If your Toyota Prius has a 100k miles or more, it’s time to change the CVT Transmission fluid. Toyota doesn’t recommend a service interval but after much research and discussion with Prius experts, I have decided to perform this service at 100k mile intervals. It is a petroleum-based lubricant and will eventually become dirty and lose some lubricity.
Toyota Prius CVT Transmission Fluid Change - Fluid Condition
This is not a difficult job. Anyone with some mechanical knowledge and basic tools can perform this maintenance task. Continue reading →
In September of 2011, I sold my wife’s Jetta TDI and started looking for a fuel efficient, sustainable vehicle for her to drive with an automatic transmission.
I try to make sustainability an important part of all my life decisions including purchasing a car. Here are the prioritized criteria I used for the decision:
I want to buy a used car so I’m recycling an existing vehicle and not introducing another new vehicle into the global fleet.
I want a fuel efficient car that uses as little petroleum as possible for the distance I cover.
I want a vehicle that can use alternative/renewable fuel sources other than petroleum.
I want a reliable car that won’t require tons of maintenance and parts replacement to keep it running.
After much research, I found that the second generation Toyota Prius built from 2004 to 2009 is a very reliable, fuel efficient vehicle that uses electricity for a portion of its propulsion. While electricity isn’t always produced from renewable fuel sources, it definitely has that as an option. I can eventually install a plugin kit where I can charge it with solar or any other fuel source that I can use to generate electricity. Continue reading →
Over the past 40 years, there have been a few vehicle models that stand out as excellent examples of superior design and engineering. Typically, they are models at the peak of a certain engine design. What also makes these vehicles sustainable? I used the following criteria for defining a sustainable vehicle:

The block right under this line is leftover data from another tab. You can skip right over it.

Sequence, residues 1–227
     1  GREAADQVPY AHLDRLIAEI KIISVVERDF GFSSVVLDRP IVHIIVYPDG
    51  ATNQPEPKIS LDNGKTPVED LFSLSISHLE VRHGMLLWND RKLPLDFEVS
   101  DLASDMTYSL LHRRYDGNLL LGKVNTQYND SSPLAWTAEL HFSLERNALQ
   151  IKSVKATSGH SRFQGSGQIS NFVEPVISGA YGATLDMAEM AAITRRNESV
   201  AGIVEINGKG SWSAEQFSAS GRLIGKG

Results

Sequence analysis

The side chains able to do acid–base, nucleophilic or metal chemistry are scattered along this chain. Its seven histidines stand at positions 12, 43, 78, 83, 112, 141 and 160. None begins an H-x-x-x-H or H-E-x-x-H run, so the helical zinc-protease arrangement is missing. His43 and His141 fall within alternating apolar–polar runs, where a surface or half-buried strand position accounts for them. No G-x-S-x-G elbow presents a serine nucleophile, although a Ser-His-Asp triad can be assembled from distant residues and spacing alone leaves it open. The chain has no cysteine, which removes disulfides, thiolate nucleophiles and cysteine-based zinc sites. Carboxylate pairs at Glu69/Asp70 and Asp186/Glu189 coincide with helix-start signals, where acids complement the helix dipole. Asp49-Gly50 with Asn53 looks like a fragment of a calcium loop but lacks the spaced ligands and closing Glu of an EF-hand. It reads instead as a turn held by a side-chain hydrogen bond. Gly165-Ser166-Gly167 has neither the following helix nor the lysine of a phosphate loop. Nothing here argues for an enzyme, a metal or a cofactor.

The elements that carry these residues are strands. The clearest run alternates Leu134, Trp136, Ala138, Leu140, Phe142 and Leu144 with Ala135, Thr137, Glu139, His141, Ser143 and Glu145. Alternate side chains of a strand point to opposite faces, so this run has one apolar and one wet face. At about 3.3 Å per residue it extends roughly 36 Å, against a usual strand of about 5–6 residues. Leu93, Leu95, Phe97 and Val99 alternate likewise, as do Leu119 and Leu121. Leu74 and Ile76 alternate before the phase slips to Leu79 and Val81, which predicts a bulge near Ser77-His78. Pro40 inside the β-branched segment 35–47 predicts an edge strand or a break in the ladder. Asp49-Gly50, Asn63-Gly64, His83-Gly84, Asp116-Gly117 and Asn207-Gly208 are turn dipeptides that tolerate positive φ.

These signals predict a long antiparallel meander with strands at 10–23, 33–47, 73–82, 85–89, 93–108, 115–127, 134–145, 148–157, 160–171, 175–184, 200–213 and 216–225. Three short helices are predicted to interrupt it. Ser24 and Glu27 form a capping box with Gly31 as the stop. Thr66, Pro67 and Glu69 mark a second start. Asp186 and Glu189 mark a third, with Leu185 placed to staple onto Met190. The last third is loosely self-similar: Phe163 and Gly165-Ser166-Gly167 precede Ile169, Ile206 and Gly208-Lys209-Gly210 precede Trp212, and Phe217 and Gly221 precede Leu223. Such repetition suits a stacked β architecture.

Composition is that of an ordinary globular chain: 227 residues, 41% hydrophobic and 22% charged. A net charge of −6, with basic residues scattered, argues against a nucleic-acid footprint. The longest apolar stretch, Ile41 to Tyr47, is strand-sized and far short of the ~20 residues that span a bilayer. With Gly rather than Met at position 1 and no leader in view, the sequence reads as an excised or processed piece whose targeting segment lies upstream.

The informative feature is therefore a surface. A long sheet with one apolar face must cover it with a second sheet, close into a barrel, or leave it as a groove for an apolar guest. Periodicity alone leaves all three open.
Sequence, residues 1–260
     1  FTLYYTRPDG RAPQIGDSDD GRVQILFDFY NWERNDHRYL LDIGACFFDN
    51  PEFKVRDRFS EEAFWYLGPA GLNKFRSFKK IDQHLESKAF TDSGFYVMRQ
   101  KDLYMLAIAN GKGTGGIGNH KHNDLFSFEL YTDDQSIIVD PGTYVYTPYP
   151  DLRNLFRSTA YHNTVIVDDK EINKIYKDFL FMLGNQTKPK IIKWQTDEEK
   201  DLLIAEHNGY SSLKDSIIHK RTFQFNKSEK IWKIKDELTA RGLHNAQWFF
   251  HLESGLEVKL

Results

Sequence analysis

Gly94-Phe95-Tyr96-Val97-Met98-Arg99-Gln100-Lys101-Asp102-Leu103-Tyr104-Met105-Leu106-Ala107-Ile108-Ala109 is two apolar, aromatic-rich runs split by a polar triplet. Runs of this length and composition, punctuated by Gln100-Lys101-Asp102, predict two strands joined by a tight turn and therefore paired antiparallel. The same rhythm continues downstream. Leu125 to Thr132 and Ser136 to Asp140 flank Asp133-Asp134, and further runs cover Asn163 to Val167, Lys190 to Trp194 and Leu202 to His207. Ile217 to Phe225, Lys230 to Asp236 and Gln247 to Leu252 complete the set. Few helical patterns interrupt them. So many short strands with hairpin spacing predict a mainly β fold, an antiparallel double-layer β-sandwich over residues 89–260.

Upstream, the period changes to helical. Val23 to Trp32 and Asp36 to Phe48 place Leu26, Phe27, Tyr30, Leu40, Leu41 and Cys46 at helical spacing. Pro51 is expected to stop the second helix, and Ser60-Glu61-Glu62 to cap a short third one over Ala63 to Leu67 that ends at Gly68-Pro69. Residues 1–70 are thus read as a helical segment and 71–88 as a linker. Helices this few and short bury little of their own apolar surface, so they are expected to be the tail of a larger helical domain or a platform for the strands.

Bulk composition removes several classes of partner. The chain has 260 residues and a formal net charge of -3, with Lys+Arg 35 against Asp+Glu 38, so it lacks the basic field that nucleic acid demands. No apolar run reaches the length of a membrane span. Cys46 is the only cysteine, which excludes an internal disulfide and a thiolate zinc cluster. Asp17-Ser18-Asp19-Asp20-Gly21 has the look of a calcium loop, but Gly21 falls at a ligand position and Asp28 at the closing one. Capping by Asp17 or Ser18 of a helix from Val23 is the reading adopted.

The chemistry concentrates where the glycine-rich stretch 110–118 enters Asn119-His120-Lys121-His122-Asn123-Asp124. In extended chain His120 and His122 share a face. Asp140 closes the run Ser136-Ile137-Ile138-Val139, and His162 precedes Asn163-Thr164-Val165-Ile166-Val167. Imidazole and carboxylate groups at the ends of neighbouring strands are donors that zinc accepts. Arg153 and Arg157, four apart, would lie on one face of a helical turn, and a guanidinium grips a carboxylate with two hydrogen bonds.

Reliability – The fewer repairs and parts replacements, the more sustainable the vehicle. The longer they last, the fewer new vehicles have to be built to replace them. Continue reading →
Half way through the model year in 1999, Volkswagen introduced a new body style of their Jetta with an improved “ALH” TDI engine. When combined with the 5 speed manual transmission in any of the body styles, this drivetrain was extremely fuel efficient and very reliable. This 1.9 liter direct injection diesel engine was available in the Jetta, Golf and Beetle body styles.
The average fuel mileage ranged from 45-50mpg without any special driving techniques or modifications. The fuel system was very flexible and can be run on biodiesel with little modification. Even though this is a direct injection engine, waste vegetable oil can be used as fuel if a heated, two tank conversion kit is installed that gets the injection temperature of the fuel up to at least 160*F. Continue reading →
In 1993, Dodge introduced an updated version of their Cummins 6BT 12 valve diesel engine that used a Bosch P-7100 mechanical injection pump. When combined with the all mechanical 47RH hydraulic automatic transmission, buyers have the ultimate, bullet-proof work truck rated for 3/4 ton and 20mpg.
Later models introduced the 47RE electronic version of the automatic transmission that exposed the truck to typical issues with electronics on vehicles. (prone to failure after prolonged use and expensive to repair) Continue reading →
By the early 1980’s, Mercedes had hit the pinnacle of design and engineering with their 4 cylinder and 5 cylinder diesel engines. The cast iron heads were bullet-proof and the pre-combustion chambers made them the perfect engine for using alternative fuels like waste vegetable oil. Both the manual and automatic transmissions were also built strong and seldom had issues as long as they were maintained properly. Continue reading →
Are you interested in running your car on vegetable oil? Before you get started, you should read our post on how it works. Once you are comfortable with the requirements, watch the following video from Veg My Ride to see how it’s done for an older Mercedes!
If you like the video, consider making a donation below to the videographer who made the video available. Continue reading →
I’m a visual learner. When it comes to learning complex topics, having images and diagrams always make it easier for me to retain the information.
After reading a great poston visualizing energy, I thought I’d share with you the video produced by Getty Images for corporations to use as a point of reference when they are trying to promote and brand clean energy.
What images help you to better understand complex topics like energy and alternatives to fossil fuels? Join the conversation and let us know what you think.
It looks like the growing sales of Volkswagen diesels in the US has garnered the attention of US carmakers. General Motors today formally announced the 2013 Chevy Cruze diesel. The 4 cylinder 2-liter VCDi diesel engine generates over 160 horsepower and 265 foot-pounds of torque, which should make it a sporty car to drive. The common-rail fuel system should give impressive fuel economy without sacrificing power. Continue reading →